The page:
Having said all of that, I am intrigued, however, about replacing the thread with it. If woven into a larger diameter cord, the cotton thread could be used as a wick. If the Spider Wire could do everything else the thread could do, including sewing and suturing, it might be worth a swap. May have to get some to experiment with.

Thanks, Doc!

Some of the items in the kit could be dropped, if unnecessary.

Early man lived with just a sharp edge, and a fire maker, and made everything else from raw materials. Not sure I want to be that austere though, but again, it is good to know that it can be done, and how to do it.

TR

Roguish Lawyer 04-28-2004 13:29

Quote:

Originally posted by The Reaper
Now what about you non-SF guys I see lurking in here. Have you ever been out camping for a few days? Got anything to add or ask?
Yes on camping. Nothing to add. Would be interested in more on the details on shelter and food (I think water already has been covered). Anyone want to talk about things like the many uses of 550 cord or how to catch fish without monofilament line and hook?

QRQ 30 04-28-2004 13:30

As long as we are going to be wusses and make a kit I stronglly recomment a "Space Blanket".:lifter

Sacamuelas 04-28-2004 13:40

Re: Re: I say drop these three..add 1 instead
 
Quote:

Originally posted by The Reaper
I recently asked my wife to look for dental floss, wrapped for travel around a flat piece of cardboard for inclusion in a kit.
TR

TR-
They make dental floss "credit cards" that hold fifty yards of floss. They are standard credit card dimensions, except it is four credit cards thick verses one. You might want to check into that. ALL the major dental supply/gadget companies sell them. I did a quick google and got this example...
http://gifts4exec.com/Item/CC-50.htm

Now, you modify it by changing out the floss with spider wire... instant survival thread in a handy little/storable package. :cool:

I am sure I have some of those floss packets around the office, I think I will go experiment a little.

The Reaper 04-28-2004 13:47

Quote:

Originally posted by Roguish Lawyer
Yes on camping. Nothing to add. Would be interested in more on the details on shelter and food (I think water already has been covered). Anyone want to talk about things like the many uses of 550 cord or how to catch fish without monofilament line and hook?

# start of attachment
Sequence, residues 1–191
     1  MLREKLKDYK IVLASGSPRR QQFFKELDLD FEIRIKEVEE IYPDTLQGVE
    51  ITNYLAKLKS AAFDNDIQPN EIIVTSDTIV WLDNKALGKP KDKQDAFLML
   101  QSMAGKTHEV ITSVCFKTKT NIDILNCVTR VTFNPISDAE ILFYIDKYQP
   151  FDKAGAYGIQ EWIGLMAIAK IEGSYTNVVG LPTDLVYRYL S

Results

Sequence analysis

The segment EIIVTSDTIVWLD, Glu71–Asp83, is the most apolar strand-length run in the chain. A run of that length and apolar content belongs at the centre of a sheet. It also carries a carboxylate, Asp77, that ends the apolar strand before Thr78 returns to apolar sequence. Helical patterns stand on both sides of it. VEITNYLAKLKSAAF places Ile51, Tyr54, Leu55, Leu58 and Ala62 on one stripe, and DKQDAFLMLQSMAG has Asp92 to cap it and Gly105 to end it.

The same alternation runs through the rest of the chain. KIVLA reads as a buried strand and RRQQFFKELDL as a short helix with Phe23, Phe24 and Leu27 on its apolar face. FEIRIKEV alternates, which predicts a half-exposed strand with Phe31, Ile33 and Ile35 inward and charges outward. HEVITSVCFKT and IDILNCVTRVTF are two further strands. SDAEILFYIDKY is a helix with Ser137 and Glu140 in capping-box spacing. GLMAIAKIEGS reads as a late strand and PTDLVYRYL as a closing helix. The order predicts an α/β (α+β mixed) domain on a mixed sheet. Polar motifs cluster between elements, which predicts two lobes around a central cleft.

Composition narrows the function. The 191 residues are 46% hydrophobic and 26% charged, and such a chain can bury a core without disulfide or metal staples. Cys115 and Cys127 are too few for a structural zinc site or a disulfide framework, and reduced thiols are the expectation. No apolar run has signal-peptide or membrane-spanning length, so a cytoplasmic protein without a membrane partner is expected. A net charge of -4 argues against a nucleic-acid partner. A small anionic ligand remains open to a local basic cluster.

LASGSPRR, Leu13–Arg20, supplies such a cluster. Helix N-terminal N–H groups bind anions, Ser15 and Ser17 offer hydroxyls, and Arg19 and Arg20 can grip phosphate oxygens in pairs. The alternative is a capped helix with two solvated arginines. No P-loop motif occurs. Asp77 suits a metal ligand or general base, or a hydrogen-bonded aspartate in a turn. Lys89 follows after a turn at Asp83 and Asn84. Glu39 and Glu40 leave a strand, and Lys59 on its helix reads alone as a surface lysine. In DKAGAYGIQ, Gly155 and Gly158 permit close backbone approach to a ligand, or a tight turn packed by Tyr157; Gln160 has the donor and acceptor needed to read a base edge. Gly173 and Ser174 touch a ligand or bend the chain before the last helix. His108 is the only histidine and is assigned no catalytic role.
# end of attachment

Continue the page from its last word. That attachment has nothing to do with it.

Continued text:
With 550 cord, you get a woven outer shell, like a kermantle rope, and multiple interior strands which are not woven. You burn the end and the inner strands are encased securely. Snip off the end, and a dozen or so threads are exposed which can be pulled out, cut off, and used for whatever purpose you need small cordage for. It is great as a unit for normal heavy cord applications, or the strands can be used for lashings, snares, nets, or whatever task you have at hand. The inner strands will even unravel into smaller strands, if needed. It has a couple of deficiencies, as it is nylon, it does not hold all knots well, and it will melt or burn at a fairly low exposure to heat.

Unless something else if found available, given no man made materials like a poncho or shelter half, initial shelter construction will almost certainly be a lean to, improved by further enclosure as time permits.

Food should be available from foraging, fishing, netting, snares, traps, or possibly slingshot, bow and arrow, or spear, depending on your access to materials, construction and application skills, and availability of game in your area. Laws of conservation must be considered though, expending large numbers of calories to obtain small sources of food is counter productive and should be avoided.

Fish can be netted, caught on manufactured, improvised, or homemade hooks (bone, wood, etc., line of twine, cord, snare wire, floss, etc.), trapped, shocked, stunned, clubbed, poisoned, grabbed, speared, etc.

Additional recommendations?

TR

lrd 04-28-2004 13:52

Quote:

Originally posted by Roguish Lawyer
Yes on camping. Nothing to add. Would be interested in more on the details on shelter and food (I think water already has been covered). Anyone want to talk about things like the many uses of 550 cord or how to catch fish without monofilament line and hook?
This is how my husband and his brothers learned to fish from their uncle -- no line or hook needed.

I wouldn't recommend it, though.

lrd 04-28-2004 13:54

Question: if you are going to stay there until picked up, how important is it to know where you are? Is a compass important to have or not?

The Reaper 04-28-2004 14:04

There are other ways to determine cardinal direction.

It was packed in the kit. As I stated, items could be added or deleted, as needed.

It would be much more important if moving.

It occurs to me that having a watch could be handy as well.

TR